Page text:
New approach needed to drive electrical vehicles uptake

12 August 2019 3 min. read
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Electric vehicles are becoming more energy efficient and emit far fewer toxins than diesel and other internal combustion engine vehicles. However, while users experience a number of benefits, such as low recharge costs and lower maintenance costs, uptake continues to be relatively low, and developing a compelling product and processes to produce them at scale will be a challenge for the industry going forward.

New technologies, changes in consumer sentiment and new sales channels mean drastic disruption is on the horizon for the automotive sector. For example, with the potential for autonomous vehicle technology to remodel the nature of vehicle ownership in the coming era, 40% of British consumers say they would never buy a vehicle again once electric robocabs became viable.

The development of electric vehicles (EV) has so far been relatively slow, as the technology required for making them cost-effective at scale remains in development. However, a transition is now underway to shift the industry from internal combustion engines (ICE) to EVs. That transition is not fully defined, with multiple pathways of development open to companies.

Traditional vs. next generation DFMA

Further exploring the impacts the adoption and development of electric vehicles are likely to have, analysis from Oliver Wyman has revealed a wide array of issues, from demand to possible barriers for adoption and development. According to the study, first and foremost, a significant portion of new vehicles will be EV or hybrids by 2030. Globally, 30% of vehicles will be fully electric while in total 60% will feature some form of electrification, though the speed of uptake will vary per region.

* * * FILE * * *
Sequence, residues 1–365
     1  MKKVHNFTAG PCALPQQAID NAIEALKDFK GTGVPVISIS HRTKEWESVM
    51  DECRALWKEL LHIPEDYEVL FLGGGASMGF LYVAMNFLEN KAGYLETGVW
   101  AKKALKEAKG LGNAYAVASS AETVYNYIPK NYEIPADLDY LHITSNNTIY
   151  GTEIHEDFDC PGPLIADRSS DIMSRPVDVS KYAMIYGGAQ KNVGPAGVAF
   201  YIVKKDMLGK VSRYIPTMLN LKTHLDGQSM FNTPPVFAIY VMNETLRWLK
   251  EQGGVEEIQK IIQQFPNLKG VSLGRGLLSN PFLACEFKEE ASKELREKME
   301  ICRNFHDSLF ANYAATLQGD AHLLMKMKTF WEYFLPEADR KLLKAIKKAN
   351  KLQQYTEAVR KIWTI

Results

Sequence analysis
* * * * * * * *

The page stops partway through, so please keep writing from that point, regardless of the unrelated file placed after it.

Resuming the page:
The trend will be accompanied by a number of different cost and benefit calculations which could make EV ownership more compelling for consumers, accelerating their uptake beyond 2030. With an overall lower maintenance cost for consumers due to fewer moving parts, reliable components and batteries that can last for 100,000s of kilometres, the slower depreciation of an electric vehicle may become viewed as an essential investment among consumers in ten years’ time.

Difficult road

Building vehicles that meet the needs of consumers could require an overhaul of the wider production strategy, however. This includes new configuration of design for manufacturability and assembly (DFMA) – a method used by the industry to streamline the full production of vehicles. The firm notes that the shift to EVs can be part of a wider shift in DFMA model, away from traditional approaches to a more analytics-based approach.

Automotive workforce changes

However, the industry also faces a number of difficult choices around talent. Traditional business practices have focused on incremental improvement to design and engine function – usually slowly. An almost complete redesign of the power train and new possibilities around the interior, among others, means that new talent – largely focused on electronics, engineering and computer science – will need to be hired, which tends to already be in high demand.

Wider automation of production, meanwhile, will see total FTE fall sharply over the coming decade, creating opportunity but also significant business change. The report also notes that the new production method will increasingly see stronger integration between suppliers and strategic partners.

The authors concluded, “The trend toward involving more than one automaker in the platform development process will require much greater flexibility and agility. Ecosystem players need to adapt their product platforms and manufacturing processes to handle more variants and manufacturing process derivatives. Furthermore, while products and their variations remain strong competitive differentiators, companies also need to master agile manufacturing to drive crucial cost advantages and synergy derived savings.”